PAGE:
Mr. Adams shook his head. “We’re fine, thank you. We just want to talk about Dennis.”
“It’s this way,” William said, guiding them to the conference room.
Their space was small, but large enough for each of them to have their own office, a bathroom, and a conference room. Since they worked together on most cases, they found it easier to meet their clients in a conference room, where all of them could sit around the table and talk about whatever was going on.
Jerome grabbed a bottle of water from the breakroom before following William and the Adamses into the conference room. When he got there, Mrs. Adams was already in her seat, and her husband was sitting next to her. He took her hand as soon as they were in their seats, and Jerome took a moment to look at them.
Something terrible had happened to them, but that wasn’t very surprising, considering that he and William were PIs. People usually came to them when something bad happened, although Jerome had no way to know what that something was. They took care of a lot of cheating cases and divorces, but not just those. Since Jerome was a dragon shifter, he often had to deal with paranormal creatures. That meant the cases they could deal with covered pretty much anything, although he tried to keep William out of the worst situations. William was human, and Jerome wasn’t about to put him in danger.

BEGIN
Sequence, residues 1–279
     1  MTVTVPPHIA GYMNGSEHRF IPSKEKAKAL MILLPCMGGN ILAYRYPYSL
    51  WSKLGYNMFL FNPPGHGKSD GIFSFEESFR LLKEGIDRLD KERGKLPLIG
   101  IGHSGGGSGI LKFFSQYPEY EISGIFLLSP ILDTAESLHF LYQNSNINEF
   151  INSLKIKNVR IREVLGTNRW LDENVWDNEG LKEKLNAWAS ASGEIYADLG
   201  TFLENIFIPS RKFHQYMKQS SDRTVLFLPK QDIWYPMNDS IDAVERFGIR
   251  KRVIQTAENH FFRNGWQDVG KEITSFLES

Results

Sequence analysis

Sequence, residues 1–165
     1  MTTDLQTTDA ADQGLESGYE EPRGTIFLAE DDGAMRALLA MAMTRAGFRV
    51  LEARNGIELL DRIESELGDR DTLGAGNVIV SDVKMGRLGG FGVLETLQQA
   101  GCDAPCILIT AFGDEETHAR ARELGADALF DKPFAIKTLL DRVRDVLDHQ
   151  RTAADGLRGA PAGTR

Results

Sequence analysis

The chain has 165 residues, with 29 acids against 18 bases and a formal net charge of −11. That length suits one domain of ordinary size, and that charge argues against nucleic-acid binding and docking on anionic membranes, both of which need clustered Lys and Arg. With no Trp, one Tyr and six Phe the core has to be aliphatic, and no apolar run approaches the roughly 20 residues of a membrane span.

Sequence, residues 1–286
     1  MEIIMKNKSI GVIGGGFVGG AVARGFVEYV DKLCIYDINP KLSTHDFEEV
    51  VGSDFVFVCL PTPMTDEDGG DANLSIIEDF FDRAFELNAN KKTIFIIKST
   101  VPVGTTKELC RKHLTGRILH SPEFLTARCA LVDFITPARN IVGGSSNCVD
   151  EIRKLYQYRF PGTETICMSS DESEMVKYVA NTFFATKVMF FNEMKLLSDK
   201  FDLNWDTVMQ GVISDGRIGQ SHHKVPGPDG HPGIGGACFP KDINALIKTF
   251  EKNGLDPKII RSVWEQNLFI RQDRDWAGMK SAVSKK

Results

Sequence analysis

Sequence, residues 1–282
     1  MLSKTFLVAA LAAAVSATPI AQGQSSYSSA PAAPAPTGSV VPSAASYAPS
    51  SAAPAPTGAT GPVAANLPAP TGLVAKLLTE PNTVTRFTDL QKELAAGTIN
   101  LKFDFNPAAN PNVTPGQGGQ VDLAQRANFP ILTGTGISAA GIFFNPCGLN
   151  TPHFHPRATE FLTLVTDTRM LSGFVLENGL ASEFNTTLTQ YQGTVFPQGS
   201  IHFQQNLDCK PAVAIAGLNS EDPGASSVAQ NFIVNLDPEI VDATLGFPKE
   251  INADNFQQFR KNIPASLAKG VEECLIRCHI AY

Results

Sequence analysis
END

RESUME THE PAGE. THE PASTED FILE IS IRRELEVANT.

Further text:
“Why don’t you tell us about Dennis?” William asked.
He seated himself in front of them on the other side of the table, and Jerome took the chair next to him. William usually dealt with clients and answered the phone when they called to make an appointment, and Jerome liked things that way. They tried to work together as much as possible, but it was better to divide some things. William answered the phone and booked appointments while Jerome took care of supernatural cases. So far, it had worked well for them, and he hoped that wouldn’t change.
Mr. and Mrs. Adams gazed at each other. She nodded, and Mr. Adams looked back at William and Jerome. “He’s nineteen years old,” he explained. “Almost twenty. He’s always been very independent, and that hasn’t changed as he grew up. He went out with friends a few days ago, and he never came back.”
Jerome frowned. He didn’t like missing person cases, but they dealt with those quite a bit, especially when it came to supernatural creatures. He didn’t think the Adamses belonged to his world, though. They felt entirely human to him, but he could be wrong.
“I suppose you went to the police,” William said, echoing Jerome’s thoughts.
Mr. Adams’s expression changed. He looked angry now, and that was enough to tell Jerome what had happened with the police.
“We did,” he confirmed. “The day after Dennis didn’t come home, we tried calling him and his friends. We couldn’t find him. His friends told us that he was supposed to get a cab, and that’s when they last saw him. We went to the station and explained what happened, but they wouldn't help us. They said Dennis is an adult and that he’d probably come back in a few days. They told us not to worry.”